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Jacob & Youngs v. Kent

Court of Appeals of New York
129 N.E. 889 (1921)

Jacob & Youngs v. Kent

Facts

Jacob & Youngs (Jacob) (plaintiff) is a general contractor that built a country residence for Kent (defendant). The contract stated that Jacob was to be paid $77,000, and one specification in the contract was that all pipes used be manufactured in Reading, Pennsylvania. Jacob completed work in June 1914. In March 1915, Kent noticed that some of the pipe was manufactured in other places besides Reading. Kent demanded the pipe be replaced. Replacement of the pipe, however, would require substantial additional work and expense by Jacob. Additionally, the existing pipe was of the same quality as Reading pipe and was supplied based on an innocent mistake by Jacob caused by the inattention of its subcontractor. Jacob left the existing pipe untouched and asked for a certificate from Kent that the final payment of $3,483.46 was due. Kent refused to supply the certificate, and Jacob brought suit to recover damages. At trial, Jacob was not allowed to introduce evidence that the pipe installed was of the same quality as Reading pipe, and the jury entered a verdict for Kent. The appellate court reversed and granted a new trial.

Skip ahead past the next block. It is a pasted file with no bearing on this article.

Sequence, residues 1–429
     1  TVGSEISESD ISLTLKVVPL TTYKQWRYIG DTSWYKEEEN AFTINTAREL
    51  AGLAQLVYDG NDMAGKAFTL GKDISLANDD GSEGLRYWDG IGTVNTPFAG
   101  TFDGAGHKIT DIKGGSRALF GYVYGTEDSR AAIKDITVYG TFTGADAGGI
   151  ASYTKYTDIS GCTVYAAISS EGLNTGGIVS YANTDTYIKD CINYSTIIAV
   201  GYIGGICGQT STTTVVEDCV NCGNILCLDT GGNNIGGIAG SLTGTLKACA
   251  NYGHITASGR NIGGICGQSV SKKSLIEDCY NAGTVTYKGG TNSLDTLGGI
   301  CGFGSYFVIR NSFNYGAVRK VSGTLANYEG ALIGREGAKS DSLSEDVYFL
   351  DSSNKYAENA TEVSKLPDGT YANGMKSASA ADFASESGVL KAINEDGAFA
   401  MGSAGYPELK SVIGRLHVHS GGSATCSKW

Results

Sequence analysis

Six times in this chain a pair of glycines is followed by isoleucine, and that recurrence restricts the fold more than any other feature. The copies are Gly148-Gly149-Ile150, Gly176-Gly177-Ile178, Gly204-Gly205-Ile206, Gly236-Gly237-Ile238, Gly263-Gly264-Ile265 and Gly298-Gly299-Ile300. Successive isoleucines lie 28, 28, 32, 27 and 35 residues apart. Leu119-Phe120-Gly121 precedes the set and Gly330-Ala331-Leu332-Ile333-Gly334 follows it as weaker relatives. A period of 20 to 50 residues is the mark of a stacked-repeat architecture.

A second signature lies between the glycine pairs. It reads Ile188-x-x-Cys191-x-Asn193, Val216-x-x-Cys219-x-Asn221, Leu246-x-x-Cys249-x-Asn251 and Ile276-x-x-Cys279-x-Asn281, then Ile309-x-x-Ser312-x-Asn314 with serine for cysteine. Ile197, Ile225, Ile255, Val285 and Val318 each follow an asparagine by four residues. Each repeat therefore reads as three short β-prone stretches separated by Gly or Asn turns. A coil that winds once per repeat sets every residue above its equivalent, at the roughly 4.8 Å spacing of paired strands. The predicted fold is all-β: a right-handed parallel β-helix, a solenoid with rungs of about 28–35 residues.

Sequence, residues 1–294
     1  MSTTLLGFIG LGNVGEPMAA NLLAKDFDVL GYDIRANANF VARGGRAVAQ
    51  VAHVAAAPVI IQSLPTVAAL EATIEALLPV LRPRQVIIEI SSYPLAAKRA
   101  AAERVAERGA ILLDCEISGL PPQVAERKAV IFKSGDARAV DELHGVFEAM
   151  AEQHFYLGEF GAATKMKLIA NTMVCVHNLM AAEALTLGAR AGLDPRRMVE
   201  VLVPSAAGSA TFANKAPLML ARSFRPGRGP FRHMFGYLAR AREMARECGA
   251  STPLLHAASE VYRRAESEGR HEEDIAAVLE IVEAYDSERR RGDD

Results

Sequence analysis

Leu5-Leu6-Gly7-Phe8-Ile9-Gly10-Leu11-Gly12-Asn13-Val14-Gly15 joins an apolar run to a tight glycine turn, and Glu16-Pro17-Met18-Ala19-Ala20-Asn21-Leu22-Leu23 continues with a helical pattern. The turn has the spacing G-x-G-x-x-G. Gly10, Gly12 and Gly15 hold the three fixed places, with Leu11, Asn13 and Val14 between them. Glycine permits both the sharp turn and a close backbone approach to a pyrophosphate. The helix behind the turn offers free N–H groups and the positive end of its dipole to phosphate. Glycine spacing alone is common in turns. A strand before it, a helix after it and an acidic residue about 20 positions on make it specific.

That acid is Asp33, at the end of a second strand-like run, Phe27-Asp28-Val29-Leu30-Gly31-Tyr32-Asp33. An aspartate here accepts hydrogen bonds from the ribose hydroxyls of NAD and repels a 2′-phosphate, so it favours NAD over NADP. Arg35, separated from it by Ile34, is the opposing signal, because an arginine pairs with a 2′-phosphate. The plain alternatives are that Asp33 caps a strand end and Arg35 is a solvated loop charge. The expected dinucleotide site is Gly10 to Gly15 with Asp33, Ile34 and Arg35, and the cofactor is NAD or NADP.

Rule of Law

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Issue

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Holding and Reasoning (Cardozo, J.)

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  • A “yes” or “no” answer to the question framed in the issue section;
  • A summary of the majority or plurality opinion, using the CREAC method; and
  • The procedural disposition (e.g. reversed and remanded, affirmed, etc.).

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Dissent (McLaughlin, J.)

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